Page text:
Both ground seeds can be used to substitute for part of the flour called for in various recipes, but this is much more commonly done with flaxseeds than chia seeds. Many products you use today actually already include flaxseeds, such as waffles and pancake mixes! We will give a very slight point to flaxseed in this category as they are much more common in everyday foods at this point!
Cost is about one of the only things that have a clear winner here. Chia seeds are still growing in popularity and are significantly more expensive than flaxseeds at this time.
For flavor, the points will depend on what you are looking for from these foods. Flaxseeds have a much stronger flavor, and are slightly nutty. If you enjoy this flavor or are looking for an ingredient to add flavor to your meals, then flaxseeds would be an excellent choice. However, if you are simply looking for a health boost without changing the flavor of your meal, then chia seeds would be the one to choose. Chia seeds are bland and almost tasteless, especially in a powdered format, so you can add them to a plethora of recipes and dishes without even noticing a difference in taste!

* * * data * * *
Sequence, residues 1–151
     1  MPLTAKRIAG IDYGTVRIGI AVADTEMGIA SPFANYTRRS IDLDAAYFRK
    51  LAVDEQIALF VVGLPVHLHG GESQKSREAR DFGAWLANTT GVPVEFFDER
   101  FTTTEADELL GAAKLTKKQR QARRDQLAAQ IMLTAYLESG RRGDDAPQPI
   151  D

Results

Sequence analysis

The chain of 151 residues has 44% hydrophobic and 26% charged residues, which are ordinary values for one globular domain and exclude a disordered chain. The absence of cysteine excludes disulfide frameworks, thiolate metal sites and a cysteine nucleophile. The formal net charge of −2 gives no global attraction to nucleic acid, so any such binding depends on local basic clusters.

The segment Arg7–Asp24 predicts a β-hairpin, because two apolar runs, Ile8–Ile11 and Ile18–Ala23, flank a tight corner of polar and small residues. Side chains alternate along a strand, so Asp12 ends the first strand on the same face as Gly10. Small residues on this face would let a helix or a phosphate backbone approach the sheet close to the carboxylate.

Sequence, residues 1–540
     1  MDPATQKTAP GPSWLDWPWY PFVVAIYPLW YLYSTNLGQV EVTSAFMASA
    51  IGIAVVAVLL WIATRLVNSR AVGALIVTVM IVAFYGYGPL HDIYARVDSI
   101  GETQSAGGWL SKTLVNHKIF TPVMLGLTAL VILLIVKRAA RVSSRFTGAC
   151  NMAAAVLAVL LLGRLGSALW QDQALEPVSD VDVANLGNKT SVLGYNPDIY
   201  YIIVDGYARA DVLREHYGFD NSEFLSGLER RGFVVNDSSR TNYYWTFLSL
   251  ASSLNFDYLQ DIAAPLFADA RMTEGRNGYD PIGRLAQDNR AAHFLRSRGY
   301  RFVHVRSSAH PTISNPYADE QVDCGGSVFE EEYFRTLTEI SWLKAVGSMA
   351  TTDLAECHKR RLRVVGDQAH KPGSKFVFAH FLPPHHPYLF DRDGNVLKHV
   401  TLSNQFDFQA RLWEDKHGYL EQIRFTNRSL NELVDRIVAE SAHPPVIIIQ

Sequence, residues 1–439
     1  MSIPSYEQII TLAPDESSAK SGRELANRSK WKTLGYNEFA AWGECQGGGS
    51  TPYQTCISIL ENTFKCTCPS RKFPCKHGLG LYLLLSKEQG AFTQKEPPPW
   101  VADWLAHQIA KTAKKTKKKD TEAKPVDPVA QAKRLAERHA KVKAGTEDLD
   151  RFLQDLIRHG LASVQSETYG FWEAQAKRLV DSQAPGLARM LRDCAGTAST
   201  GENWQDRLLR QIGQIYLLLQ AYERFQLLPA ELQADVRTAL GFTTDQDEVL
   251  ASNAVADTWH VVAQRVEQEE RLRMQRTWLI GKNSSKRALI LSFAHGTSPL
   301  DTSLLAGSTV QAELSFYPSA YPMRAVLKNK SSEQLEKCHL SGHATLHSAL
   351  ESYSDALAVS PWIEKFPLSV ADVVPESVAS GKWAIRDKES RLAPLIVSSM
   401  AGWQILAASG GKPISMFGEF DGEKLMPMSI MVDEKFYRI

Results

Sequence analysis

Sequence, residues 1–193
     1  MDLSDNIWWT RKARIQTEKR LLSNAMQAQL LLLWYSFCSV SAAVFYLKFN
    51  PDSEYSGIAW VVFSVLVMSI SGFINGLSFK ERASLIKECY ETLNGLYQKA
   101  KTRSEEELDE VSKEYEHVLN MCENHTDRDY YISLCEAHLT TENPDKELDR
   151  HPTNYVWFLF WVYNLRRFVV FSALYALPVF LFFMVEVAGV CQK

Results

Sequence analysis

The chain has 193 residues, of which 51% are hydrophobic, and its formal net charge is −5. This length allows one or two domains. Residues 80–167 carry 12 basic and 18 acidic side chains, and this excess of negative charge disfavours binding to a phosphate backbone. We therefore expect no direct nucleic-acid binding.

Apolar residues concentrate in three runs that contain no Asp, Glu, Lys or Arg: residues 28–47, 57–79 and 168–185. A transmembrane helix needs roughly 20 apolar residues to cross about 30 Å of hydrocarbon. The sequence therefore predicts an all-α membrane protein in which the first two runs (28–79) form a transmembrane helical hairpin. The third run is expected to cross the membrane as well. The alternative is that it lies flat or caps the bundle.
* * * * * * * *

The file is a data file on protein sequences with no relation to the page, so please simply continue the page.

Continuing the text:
In conclusion, we believe that both flaxseeds and chia seeds are delicious, healthy additions to your diet. To add up the points, we ended at four to four, with a couple categories depending highly on preference (and we promise it was not rigged for a tie!). If you are looking for a boost in Omega 3s, trying to increase your protein intake, or are coming up on menopause soon, then flaxseeds are a definite choice for you. If you prefer something with a more well-rounded variety of nutrients, then chia seeds are probably the right seed to add to your pantry.
You can easily try out both and let us know below what you think. It is no doubt that both of these seeds pack a huge number of powerful nutrients into a deceivingly small package. Tell us in the comments below what you think of chia seeds and flaxseeds!